The Mishna on page 18 states that to eat “chullin” or regular non-holy bread and Maaser Sheni food (a portion of your produce taken to Jerusalem to eat) requires that hands be washed with a vessel.
The Talmud presents a statement which contradicts the Mishna in another source. The resolution is one refers to eating and one refers to touching.
The more interesting question is why does eating bread require this seeming stringency where other foods do not require handwashing, meaning one does not have to been in a state of hand purity.
The SD would like to weigh in. We know from the Talmud that in the ancient world people used bread to dip, to convey food from plate to mouth. It seems that bread was like a utensils. One imagines all the Israeli dips that we have at a table and everyone shoving the bread into the dip and then into their mouths. If there hands are dirty, the bread is dirty and then it gets transmitted. In a communal setting this is basic hygiene. But why Maaser Sheni also require washing? My friend Zach Prensky once commented that a farmer in a good year would have lots of produce to Jerusalem for consumption. The farmer and his family could not possibly eat all that food. Therefore they probably invited guests, strangers and poor people to help finish off the food. He imagines a big food party in Jerusalem. A big sharing generous event. It is a communal event where everyone is putting their hands on food. Again a communal setting requiring hygiene.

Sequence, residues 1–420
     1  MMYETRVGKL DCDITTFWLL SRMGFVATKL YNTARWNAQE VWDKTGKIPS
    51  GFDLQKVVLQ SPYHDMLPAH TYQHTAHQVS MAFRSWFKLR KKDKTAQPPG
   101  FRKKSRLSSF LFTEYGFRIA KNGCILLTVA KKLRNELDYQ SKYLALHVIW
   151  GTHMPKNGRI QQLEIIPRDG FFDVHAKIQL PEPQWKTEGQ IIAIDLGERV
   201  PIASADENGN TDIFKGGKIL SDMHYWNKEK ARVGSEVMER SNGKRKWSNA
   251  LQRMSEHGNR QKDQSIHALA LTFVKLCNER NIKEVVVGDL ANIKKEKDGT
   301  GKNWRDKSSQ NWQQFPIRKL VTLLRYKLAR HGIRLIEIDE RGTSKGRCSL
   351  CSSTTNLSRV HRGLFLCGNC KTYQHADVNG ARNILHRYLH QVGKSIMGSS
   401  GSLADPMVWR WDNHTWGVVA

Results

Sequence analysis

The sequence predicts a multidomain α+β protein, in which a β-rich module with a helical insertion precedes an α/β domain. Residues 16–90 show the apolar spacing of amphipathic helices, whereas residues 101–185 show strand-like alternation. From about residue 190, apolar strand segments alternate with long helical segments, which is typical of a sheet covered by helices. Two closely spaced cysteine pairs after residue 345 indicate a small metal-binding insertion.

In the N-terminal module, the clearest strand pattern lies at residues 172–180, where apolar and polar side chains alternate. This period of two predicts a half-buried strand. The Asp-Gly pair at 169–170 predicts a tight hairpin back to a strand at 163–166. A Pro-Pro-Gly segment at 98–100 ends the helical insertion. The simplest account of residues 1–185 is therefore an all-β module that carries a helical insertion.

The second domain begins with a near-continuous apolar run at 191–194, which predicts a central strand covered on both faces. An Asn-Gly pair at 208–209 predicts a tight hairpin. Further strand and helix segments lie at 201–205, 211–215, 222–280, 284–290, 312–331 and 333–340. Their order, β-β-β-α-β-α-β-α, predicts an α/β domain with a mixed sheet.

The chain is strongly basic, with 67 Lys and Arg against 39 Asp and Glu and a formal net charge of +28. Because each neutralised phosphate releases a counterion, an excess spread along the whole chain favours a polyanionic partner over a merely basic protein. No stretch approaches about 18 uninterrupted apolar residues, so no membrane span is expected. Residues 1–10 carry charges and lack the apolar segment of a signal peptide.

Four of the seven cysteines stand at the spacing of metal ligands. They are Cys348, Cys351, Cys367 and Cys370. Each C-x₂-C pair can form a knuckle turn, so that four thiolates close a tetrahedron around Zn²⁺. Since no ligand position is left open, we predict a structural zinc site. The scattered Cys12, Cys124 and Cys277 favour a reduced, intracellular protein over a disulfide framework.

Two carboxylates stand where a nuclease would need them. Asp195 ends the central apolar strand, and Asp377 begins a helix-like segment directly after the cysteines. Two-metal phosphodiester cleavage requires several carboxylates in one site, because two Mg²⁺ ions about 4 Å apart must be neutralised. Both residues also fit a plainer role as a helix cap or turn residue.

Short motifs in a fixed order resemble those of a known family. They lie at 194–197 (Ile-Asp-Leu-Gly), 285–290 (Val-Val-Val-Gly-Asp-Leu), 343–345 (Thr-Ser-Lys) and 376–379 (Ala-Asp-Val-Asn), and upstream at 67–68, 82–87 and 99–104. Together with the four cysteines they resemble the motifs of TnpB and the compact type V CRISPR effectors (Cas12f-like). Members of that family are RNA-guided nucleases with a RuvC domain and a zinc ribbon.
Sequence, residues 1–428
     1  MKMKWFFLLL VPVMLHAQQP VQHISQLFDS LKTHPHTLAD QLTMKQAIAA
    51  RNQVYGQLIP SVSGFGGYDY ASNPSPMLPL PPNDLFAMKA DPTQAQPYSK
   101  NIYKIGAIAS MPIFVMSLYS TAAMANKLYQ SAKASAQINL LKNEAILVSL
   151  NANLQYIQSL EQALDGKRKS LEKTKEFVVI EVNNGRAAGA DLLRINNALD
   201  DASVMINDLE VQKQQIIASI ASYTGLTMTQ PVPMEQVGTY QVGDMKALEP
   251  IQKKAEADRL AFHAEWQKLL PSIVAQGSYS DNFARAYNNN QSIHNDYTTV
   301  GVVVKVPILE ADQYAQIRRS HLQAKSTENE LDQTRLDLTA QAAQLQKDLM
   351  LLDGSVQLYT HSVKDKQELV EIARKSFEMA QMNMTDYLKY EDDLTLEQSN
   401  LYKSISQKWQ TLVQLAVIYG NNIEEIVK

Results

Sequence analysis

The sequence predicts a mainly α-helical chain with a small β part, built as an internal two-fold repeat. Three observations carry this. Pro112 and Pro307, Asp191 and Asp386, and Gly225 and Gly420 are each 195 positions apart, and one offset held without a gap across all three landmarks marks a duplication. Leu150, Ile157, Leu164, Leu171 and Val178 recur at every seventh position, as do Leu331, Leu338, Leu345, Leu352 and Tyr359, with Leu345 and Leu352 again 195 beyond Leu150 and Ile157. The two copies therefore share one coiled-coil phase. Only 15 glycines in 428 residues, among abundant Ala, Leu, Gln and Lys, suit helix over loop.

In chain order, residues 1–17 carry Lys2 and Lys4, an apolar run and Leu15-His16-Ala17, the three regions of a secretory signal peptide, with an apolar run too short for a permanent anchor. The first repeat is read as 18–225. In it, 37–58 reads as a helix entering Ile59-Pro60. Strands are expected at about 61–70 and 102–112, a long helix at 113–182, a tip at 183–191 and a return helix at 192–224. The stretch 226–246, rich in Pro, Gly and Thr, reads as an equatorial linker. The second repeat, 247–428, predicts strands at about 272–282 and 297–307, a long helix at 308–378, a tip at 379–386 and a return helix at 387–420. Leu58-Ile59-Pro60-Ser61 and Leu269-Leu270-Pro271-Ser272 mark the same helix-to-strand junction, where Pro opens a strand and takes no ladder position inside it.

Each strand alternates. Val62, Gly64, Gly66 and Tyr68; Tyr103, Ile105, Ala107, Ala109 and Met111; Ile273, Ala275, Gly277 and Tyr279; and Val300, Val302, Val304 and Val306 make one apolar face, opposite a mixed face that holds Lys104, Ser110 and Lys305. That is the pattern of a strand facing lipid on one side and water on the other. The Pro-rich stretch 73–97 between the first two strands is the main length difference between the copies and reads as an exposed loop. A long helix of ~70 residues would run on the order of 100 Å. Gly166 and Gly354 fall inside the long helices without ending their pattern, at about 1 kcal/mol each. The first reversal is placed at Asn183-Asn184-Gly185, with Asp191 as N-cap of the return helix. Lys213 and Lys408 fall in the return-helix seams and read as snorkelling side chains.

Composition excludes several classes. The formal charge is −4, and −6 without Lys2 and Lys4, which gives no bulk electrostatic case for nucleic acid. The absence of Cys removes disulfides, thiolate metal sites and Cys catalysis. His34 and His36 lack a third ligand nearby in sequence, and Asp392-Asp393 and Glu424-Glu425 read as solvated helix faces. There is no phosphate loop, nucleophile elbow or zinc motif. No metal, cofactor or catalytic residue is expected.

What is the common thread? Community and sharing. We must eat together . We must enojoy life together. But community requires cleaniness and hygiene.
Esther Feuer Schnitzer Learning Specialist (917)297-3796